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Pruning Your Perennials: The Basics

Pruning Your Perennials: The Basics

By Glenn Jacobsen (337 words)
Posted in Sustainable Landscaper in Bergen County NJ

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Perennial pruning varies greatly based on species and is further influenced by weather conditions, age of the plant, soil fertility, moisture availability, and much more. However, every gardener should observe a few basic practices and principles to keep their perennial garden healthy and blooming for years to come.

First, by “deadheading”, which is the practice of removing blossoms and blooms that have passed their peak. Doing this will force the plant to put its energy into new flower and shoot production, rather than into seed production. If a flower is prevented from going to seed, a perennial will keep pushing out blooms in an effort to complete its life cycle. In addition to keeping the garden neat and tidy, deadheading can help increase the life span of a perennial by several years.

Another important practice, often performed after the perennial has bloomed, is cutting back vegetation. Some perennials can flower themselves to exhaustion and are then unable to form buds for the following year. To prevent this, the whole plant should be cut back occasionally to stimulate vegetative growth.

Another way to preserve your perennials for the long-term is to regularly prune out seed heads. The seed heads that fall from a parent plant may not always develop into the desirable plant available at your local garden center.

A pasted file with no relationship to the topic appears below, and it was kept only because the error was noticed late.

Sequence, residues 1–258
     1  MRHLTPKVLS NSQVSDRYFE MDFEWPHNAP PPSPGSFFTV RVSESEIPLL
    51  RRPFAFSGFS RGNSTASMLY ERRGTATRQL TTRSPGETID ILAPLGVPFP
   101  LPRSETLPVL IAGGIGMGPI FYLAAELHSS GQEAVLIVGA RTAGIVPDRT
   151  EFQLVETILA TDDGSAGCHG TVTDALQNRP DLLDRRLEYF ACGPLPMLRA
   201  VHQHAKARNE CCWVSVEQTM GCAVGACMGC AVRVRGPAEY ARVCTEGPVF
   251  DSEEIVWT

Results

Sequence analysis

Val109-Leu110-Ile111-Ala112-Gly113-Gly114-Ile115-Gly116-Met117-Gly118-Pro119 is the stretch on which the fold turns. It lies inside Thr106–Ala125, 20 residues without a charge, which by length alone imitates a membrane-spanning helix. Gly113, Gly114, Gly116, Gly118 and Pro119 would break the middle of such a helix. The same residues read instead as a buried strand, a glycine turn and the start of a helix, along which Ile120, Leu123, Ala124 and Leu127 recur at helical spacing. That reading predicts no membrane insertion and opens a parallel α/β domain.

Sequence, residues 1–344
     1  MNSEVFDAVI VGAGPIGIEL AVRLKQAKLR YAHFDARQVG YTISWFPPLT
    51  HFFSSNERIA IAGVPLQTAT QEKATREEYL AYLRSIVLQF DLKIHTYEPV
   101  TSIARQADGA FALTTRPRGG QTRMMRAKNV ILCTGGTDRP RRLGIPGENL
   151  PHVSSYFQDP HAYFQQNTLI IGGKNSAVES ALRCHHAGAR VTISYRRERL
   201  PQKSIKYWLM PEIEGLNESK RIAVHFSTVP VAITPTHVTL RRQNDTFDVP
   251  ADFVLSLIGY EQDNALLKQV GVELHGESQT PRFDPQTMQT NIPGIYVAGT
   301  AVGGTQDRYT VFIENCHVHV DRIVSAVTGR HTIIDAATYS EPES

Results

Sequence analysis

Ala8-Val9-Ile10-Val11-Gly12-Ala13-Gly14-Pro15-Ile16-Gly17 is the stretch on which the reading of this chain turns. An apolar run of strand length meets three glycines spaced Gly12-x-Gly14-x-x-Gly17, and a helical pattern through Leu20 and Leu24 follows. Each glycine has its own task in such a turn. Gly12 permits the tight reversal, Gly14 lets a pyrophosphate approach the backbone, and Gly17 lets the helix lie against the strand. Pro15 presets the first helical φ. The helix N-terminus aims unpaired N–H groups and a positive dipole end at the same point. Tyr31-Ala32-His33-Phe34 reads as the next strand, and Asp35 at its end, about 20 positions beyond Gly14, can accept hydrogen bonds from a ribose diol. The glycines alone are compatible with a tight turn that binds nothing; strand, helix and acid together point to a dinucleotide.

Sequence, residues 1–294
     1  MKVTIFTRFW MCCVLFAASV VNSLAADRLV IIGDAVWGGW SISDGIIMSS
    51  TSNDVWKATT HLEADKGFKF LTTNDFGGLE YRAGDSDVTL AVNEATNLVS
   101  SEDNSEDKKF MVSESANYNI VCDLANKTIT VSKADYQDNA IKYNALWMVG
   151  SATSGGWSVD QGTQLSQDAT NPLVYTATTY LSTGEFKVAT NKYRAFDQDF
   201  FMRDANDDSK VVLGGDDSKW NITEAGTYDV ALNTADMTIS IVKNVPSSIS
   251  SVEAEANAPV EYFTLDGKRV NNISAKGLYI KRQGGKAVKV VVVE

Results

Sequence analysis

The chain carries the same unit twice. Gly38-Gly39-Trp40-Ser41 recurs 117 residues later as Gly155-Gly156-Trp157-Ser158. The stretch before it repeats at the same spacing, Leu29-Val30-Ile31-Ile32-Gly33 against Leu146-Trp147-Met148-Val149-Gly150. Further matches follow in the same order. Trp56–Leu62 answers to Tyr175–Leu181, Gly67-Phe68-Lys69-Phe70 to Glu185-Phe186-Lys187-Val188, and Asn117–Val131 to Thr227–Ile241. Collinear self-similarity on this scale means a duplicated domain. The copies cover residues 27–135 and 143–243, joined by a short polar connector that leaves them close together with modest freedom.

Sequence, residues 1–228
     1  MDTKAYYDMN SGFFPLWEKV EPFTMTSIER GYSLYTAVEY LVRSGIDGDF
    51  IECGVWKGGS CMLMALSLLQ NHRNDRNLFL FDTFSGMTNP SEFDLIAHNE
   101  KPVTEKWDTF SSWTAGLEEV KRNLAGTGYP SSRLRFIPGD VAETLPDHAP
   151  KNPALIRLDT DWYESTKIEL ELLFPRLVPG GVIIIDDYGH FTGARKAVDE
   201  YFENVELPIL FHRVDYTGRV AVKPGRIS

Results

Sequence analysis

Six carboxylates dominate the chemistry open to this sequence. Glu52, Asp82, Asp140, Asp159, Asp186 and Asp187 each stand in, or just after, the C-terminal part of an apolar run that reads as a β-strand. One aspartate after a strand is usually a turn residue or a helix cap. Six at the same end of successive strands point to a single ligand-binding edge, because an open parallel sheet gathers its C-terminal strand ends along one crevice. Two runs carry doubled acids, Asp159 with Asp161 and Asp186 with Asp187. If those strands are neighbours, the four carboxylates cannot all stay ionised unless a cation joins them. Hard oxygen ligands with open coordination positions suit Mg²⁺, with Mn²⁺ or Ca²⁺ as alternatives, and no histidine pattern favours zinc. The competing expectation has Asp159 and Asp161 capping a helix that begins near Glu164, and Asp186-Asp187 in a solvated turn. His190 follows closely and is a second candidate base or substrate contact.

Here’s why: most plants today are “cultivars” or plant varieties that have been produced in cultivation by selective breeding. As a result, a seed can genetically change from its host plant. If the seed takes root, this new plant might crowd out the original plant. This is often the case with the popular flowering perrenial Phlox paniculata. The production of seed heads will also drain the rest of the plant its energy. Leaving too many seed heads on plants like Iris Siberica, for example, can actually hurt the plant's productivity for the next year.

Need more info on how to keep your perennially gardens healthy and blooming all season long? Contact a member of our Garden Care team today for a consultation.

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